Page last updated at 17:35 GMT, Wednesday, 24 June 2009 18:35 UK

Libel victory for vandal witness

A woman labelled "potentially violent" after complaining to a council about a vandalised flowerbed has won £12,000 in High Court libel damages.

Jane Clift, 43, sued Slough Borough Council and public protection chief Patrick Kelleher over their reaction when she complained about the vandal.

The 2005 incident happened in the Rest Gardens. The council had denied libel.

A jury found in favour of Ms Clift, of Birmingham, but rejected her claim Mr Kelleher had been malicious.

I am not, and never have been, violent as the jury have confirmed today
Jane Clift

Mr Justice Tugendhat ordered the authority to meet the costs of the action and that £50,000 should be set aside to cover any appeal costs.

The court heard the council and Mr Kelleher had argued that a November 2005 entry about her on its Violent Persons Register and an email informing people about it were "substantially true".

They said in court that Ms Clift, of Bottetourt Road, was obsessed with achieving the sacking of the council's anti-social behaviour co-ordinator, Fozia Rashid.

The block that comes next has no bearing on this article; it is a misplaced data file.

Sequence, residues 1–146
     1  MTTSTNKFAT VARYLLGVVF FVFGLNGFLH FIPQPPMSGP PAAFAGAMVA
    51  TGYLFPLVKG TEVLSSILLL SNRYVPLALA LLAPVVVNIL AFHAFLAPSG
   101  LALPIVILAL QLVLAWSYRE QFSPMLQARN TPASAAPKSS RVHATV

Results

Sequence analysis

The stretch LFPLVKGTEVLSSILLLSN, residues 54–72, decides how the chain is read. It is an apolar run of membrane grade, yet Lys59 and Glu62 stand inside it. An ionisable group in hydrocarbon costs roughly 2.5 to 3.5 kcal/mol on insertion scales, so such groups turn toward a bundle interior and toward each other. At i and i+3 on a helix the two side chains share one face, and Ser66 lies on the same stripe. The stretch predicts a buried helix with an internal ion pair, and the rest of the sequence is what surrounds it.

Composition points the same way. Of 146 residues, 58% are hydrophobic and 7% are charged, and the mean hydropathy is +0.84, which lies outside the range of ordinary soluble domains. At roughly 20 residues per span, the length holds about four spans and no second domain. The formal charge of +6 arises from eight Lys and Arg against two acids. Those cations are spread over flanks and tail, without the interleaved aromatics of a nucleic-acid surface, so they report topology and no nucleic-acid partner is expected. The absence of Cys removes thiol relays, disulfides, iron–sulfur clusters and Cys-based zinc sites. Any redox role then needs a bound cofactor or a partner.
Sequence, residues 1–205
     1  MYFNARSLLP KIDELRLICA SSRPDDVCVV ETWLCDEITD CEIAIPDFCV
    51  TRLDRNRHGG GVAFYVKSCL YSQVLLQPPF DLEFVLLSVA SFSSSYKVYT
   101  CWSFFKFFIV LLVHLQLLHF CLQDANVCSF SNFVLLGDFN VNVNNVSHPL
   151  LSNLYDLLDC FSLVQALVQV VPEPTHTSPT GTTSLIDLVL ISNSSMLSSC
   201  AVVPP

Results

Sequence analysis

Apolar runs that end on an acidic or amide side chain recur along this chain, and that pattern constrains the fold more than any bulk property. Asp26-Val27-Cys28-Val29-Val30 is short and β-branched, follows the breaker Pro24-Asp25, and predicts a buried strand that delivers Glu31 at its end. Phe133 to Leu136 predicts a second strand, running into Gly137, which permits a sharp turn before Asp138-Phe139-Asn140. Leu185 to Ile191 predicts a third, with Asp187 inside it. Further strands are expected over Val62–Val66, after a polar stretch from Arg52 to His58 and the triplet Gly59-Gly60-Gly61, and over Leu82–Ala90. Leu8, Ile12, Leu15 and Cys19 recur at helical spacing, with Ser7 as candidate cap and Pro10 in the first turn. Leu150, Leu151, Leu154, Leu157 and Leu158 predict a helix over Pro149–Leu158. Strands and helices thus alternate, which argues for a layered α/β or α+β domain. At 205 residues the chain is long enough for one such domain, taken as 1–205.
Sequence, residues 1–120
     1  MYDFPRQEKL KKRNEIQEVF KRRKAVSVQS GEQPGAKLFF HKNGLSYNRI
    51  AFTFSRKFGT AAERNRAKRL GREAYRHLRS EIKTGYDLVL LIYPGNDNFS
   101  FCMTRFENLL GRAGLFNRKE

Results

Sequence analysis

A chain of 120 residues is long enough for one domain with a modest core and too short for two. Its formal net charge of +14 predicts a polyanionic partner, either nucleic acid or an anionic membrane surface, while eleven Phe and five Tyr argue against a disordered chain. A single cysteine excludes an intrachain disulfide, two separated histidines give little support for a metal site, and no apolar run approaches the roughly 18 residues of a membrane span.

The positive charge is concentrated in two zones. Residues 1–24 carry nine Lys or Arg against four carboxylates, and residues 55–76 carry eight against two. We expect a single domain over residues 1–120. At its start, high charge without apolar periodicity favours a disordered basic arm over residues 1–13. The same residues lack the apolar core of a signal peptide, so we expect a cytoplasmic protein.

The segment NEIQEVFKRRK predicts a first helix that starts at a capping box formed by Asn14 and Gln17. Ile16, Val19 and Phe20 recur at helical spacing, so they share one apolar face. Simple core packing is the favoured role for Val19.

Ms Rashid gave evidence Ms Clift scored "nine and a half out of 10" on the scale of difficult members of the public she had encountered.

'Frustrated and angry'

The court heard Ms Rashid say she tried to be helpful and establish a rapport but Ms Clift called her "stupid" and terminated the call.

Hugh Tomlinson QC, representing Ms Clift, said the former care worker had been following the council's own poster campaign about reporting anti-social behaviour and was "understandably furious, frustrated and angry" with Ms Rashid.

After talking to Ms Rashid, she then sent a letter, in which she wrote: "I felt so filled with anger that I am certain I would have physically attacked her if she had been anywhere near me."

Mr Tomlinson QC said the council's reaction to her "turn of phrase" was "completely ridiculous".

'Never violent'

"She is trying to be a good citizen, report anti-social behaviour, do the right thing and is being told it is all her fault," he added.

But John Beggs QC, representing the council, said: "She shoots from the hip as soon as someone doesn't deliver exactly what she wants."

Following the hearing, Ms Clift said in a statement: "I'm delighted, my character and reputation have finally been vindicated.

"I am not, and never have been, violent as the jury have confirmed."

A council spokesman said: "The jury found that what we recorded about Ms Clift was not true, but they were not prepared to find that we acted in bad faith.

"We are pleased about that because at all times our staff acted in good faith.

"Nonetheless, we recognise what the jury has found and will reflect carefully on how we need to respond."

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